You should never apologize. Why would I say that? Because I'm rude and obnoxious? Perhaps slightly. But beyond that, the reason you should never apologize is that apologizing is wimpy substitute for what the Bible commands us to do: to ask for forgiveness.
Scripture never talks about apologizing. It speaks of forgiveness. Jesus said, "'If your brother sins, rebuke him, and if he repents, forgive him'" (Luke 17:3-4).
Apologizing and asking for forgiveness are two different things. When you apologize you tell the person you've hurt that you feel bad about what you did: "I'm sorry I punched you in the nose." You are not asking the person you have offended to do anything. You are merely stating how you feel.
In contrast, when you say, "I was wrong to punch you, will you forgive me?" you are asking that person to do something. You are asking him to no longer hold the offense against you.
Jay Adams, a Christian counselor, pictures it in terms of passing a basketball back and forth. When I offend you, I'm holding the basketball. When I say, "I'm sorry" I’m still holding the ball. All you can do is shuffle your feet awkwardly and mumble "don't worry about it."
It is always awkward to respond to an apology because you are not asked to do anything, yet some sort of response is expected. You may say something like "Well, that's okay," but actually, it's not okay.
What I did to you was sinful. It was wrong. At the end of the conversation, I'm still holding the ball.
Now picture forgiveness. I go to you holding the basketball. I say, "I wronged you. Will you forgive me?" In so doing, I toss the ball to you.
Now the burden of response has shifted. Now you are required to do what God commands you to do. You are put in the position where you must forgive. If you don’t, you offend God.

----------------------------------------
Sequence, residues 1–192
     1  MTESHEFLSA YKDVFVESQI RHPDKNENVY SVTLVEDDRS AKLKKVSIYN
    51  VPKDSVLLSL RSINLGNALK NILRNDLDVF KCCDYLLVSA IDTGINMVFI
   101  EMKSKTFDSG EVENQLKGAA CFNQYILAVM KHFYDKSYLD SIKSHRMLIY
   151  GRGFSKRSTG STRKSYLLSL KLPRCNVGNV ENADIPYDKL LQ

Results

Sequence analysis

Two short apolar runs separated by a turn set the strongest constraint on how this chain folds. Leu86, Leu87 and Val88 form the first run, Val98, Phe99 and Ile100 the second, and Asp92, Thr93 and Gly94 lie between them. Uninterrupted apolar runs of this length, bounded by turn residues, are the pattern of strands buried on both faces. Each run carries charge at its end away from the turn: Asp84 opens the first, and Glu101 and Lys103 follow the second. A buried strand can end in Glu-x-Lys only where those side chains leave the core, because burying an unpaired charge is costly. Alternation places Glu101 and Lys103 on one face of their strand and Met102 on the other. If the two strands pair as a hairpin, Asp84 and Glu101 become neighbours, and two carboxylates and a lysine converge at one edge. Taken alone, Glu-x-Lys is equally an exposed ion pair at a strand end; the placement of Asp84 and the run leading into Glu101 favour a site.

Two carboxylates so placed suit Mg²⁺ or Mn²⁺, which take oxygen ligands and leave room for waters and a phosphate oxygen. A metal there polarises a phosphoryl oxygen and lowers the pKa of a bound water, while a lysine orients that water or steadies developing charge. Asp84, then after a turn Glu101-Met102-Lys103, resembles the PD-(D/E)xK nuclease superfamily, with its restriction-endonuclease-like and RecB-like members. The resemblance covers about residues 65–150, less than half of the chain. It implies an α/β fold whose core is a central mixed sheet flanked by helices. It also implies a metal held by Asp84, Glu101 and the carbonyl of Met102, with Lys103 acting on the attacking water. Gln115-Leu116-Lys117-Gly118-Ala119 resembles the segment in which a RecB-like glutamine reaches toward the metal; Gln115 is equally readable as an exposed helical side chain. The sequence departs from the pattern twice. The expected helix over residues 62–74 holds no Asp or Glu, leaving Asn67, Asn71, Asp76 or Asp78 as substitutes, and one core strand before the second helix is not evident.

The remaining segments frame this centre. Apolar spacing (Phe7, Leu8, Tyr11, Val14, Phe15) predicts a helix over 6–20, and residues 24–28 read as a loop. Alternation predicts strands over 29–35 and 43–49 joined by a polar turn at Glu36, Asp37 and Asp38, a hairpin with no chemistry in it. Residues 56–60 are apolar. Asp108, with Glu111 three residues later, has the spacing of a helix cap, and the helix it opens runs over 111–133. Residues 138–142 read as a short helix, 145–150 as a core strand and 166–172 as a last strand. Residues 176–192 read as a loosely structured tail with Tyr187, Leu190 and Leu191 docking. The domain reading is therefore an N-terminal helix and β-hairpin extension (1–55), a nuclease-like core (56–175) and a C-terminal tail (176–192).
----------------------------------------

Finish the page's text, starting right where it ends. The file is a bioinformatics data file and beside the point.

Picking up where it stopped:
What is forgiveness? Forgiveness is a promise. When God forgives us he makes a promise to no longer hold our sins against us. "I will remember their sin no more" (Jeremiah 31:34).
Likewise, when you grant forgiveness, you are promising to no longer hold the offender’s sin against him. When my wife forgives me of some tasteless remark she is promising to strike my sin from her record book. She is saying, in effect, "I give up my right to hurt you for hurting me."
This means, among other things, that if we should get into a heated argument next week about something, she cannot bring up that stupid comment I made. She promised she would not hold my sin against me. She promised to release me from my offense.
Is there someone you've offended? Go to that person. Don't say, "I'm sorry." Call a spade a spade. Say, "I was wrong to do that. I sinned against you. Will you forgive me?" Now the burden of response is on the other person’s shoulders. You've done all you can do.
Teach your kids to ask for forgiveness rather than to apologize. And ask your children for forgiveness when you offend them. That will do wonders to instruct them and will also show that you are not an authority unto yourself, but that you, too, live under the authority of Jesus Christ.
What if you ask someone for forgiveness and that person refuses to forgive you? Romans 12:18 teaches, "If possible, so far as it depends on you, live peaceably with all." If they refuse to forgive, you've done everything God commands you to do. You can have a clear conscience.
Keep short accounts. Have the guts to ask for forgiveness and the grace to grant it.
Peter Kemeny, Pastor
Good News Presbyterian Church
P.O. Box 1051, Frederick, MD 21702